Perhaps the most striking thing about watching actual races live, rather than on TV, in movies, or in photos, was how hard the horses work while running the race.  On TV they look graceful.  Live, they are straining, immensely powerful, muscular, determined (beautiful , graceful) animals

Finale of the 2014 Belmont Stakes
Photo by Eric Roffman - QPORIT

In the NYT today (race day!) Joe Drape comments on recent tragedies in horse racing, especially at Santa Anita, which has had to suspend all racing. He recommends we all wish, most of all, for all the horses running today, and always, "Let's just get'em all around there safely."


Maximum Security finishes first. But earlier, spooked by the crowd, it shifted lanes, and was DISQUALIFIED by the stewards. Longshot (65-1!) COUNTRY HOUSE wins the Kentucky Derby! >> 

(While the disqualification result was controversial, it did look from the video footage as if a disaster -- with multiple horses tripping over other when Maximum Security shifted into a lane that was not clear -- was avoided mostly by sheer luck, plus quick action by all the jockeys. Let's be glad they all did get around there safely!)

1- Country House 65-1 $132.40
2- Code of Honor 14-1
3- Tacitus 5-1

4- Improbable
5- Game Winner
6- Master Fencer
7- War of Will
8- Plus Que Parfait
9- Win Win Win
10- Cutting Humor
11- By My Standards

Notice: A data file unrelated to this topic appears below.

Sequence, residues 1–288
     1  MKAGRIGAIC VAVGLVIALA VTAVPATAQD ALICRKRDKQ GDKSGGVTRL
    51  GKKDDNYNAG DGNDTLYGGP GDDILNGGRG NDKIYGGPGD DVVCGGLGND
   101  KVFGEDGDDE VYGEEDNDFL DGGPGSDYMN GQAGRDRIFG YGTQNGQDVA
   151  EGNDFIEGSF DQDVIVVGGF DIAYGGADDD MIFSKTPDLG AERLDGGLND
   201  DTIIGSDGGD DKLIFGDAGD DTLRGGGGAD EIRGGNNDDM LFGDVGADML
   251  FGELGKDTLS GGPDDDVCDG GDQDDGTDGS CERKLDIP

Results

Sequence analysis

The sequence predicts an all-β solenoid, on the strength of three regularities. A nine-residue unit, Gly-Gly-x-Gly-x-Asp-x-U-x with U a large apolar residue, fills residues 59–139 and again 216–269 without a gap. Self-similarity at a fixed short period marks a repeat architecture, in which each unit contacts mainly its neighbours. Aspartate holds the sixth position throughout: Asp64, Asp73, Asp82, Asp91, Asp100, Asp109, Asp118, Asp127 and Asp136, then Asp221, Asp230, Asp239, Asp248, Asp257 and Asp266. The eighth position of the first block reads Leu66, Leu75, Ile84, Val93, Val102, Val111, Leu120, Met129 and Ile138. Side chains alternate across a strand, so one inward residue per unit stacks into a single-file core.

12- Vekoma
13- Bodexpress
14- Tax
15- Roadster
16- Long Range Toddy
17- Spinoff
18- Gray Magician

19- Haikal - scratched
20- Omaha Beach - scratched
21- Maximum Security - 1st by 1 3/4 lengths, disqualified

Here's today's cast:

1. War of Will - Tyler Gaffalione
2. Tax - Junior Alvarado
3. By My Standards - Gabriel Saez
4. Gray Magician - Drayden Van Dyke (extreme longshot)
5. Improbable - Irad Ortiz Jr. *(Bob Baffert)
6. Vekoma - Javier Castellano
7. Maximum Security - Luis Saez *(undefeated in 4 races)
8. Tacitus - José Ortiz
9. Plus Que Parfait - Ricardo Santana Jr.
10. Cutting Humor - Corey Lanerie  Mike Smith *(star jockey)
11. Haikal - Rajiv Maragh SCRATCHED!
12. Omaha Beach - Mike Smith *(early favorite) SCRATCHED!
13. Code of Honor - John Velazquez
14. Win Win Win - Julian Pimental
15. Master Fencer (JPN) - Julien Leparoux (extreme longshot)
16. Game Winner - Joel Rosario *(Bob Baffert) *(new early favorite)
17. Roadster - Florent Geroux *(Bob Baffert)
18. Long Range Toddy - Jon Court
19. Spinoff - Manny Franco
20. Country House - Flavien Prat
21. Bodexpress – Chris Landeros *(late entry)


I've always tried to have a mint julep (MJ) on KD day. That's how I discovered Ruth Reichl (for a while the NYT food critic). In the early 90's she was a food critic in LA. On a business trip I knew I would be somewhere south of LA on derby day. I needed my MJ. I noticed an article she had written in the LA Times Magazine about new fine restaurants in California, and I found one that was near where I'd be. When I went there on KD day, they didn't know how to make a mint julep, but they were nice enough to try to follow my instructions, and when the first one didn't quite work, tried again and came up with something memorable, together with a really good meal. I've followed R Reichl ever since.